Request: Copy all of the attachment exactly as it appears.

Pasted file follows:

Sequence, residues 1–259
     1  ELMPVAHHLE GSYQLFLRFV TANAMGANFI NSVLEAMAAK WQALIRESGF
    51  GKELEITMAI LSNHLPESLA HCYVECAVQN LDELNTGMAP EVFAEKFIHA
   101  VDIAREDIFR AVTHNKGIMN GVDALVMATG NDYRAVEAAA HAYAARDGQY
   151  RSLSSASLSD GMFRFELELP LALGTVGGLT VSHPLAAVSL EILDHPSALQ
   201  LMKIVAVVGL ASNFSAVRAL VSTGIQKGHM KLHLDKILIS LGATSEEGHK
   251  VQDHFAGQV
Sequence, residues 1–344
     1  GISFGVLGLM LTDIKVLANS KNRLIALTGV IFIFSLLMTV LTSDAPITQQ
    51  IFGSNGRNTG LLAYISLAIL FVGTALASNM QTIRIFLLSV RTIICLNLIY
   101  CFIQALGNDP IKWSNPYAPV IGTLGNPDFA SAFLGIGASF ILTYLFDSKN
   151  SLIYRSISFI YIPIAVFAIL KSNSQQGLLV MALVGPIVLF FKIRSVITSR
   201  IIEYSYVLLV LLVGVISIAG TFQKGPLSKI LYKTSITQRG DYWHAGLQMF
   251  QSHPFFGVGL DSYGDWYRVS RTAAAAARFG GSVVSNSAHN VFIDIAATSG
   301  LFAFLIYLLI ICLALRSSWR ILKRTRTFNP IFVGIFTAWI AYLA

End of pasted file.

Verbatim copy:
Sequence, residues 1–259
     1  ELMPVAHHLE GSYQLFLRFV TANAMGANFI NSVLEAMAAK WQALIRESGF
    51  GKELEITMAI LSNHLPESLA HCYVECAVQN LDELNTGMAP EVFAEKFIHA
   101  VDIAREDIFR AVTHNKGIMN GVDALVMATG NDYRAVEAAA HAYAARDGQY
   151  RSLSSASLSD GMFRFELELP LALGTVGGLT VSHPLAAVSL EILDHPSALQ
   201  LMKIVAVVGL ASNFSAVRAL VSTGIQKGHM KLHLDKILIS LGATSEEGHK
   251  VQDHFAGQV
Sequence, residues 1–344
     1  GISFGVLGLM LTDIKVLANS KNRLIALTGV IFIFSLLMTV LTSDAPITQQ
    51  IFGSNGRNTG LLAYISLAIL FVGTALASNM QTIRIFLLSV RTIICLNLIY
   101  CFIQALGNDP IKWSNPYAPV IGTLGNPDFA SAFLGIGASF ILTYLFDSKN
   151  SLIYRSISFI YIPIAVFAIL KSNSQQGLLV MALVGPIVLF FKIRSVITSR
   201  IIEYSYVLLV LLVGVISIAG TFQKGPLSKI LYKTSITQRG DYWHAGLQMF
   251  QSHPFFGVGL DSYGDWYRVS RTAAAAARFG GSVVSNSAHN VFIDIAATSG
   301  LFAFLIYLLI ICLALRSSWR ILKRTRTFNP IFVGIFTAWI AYLA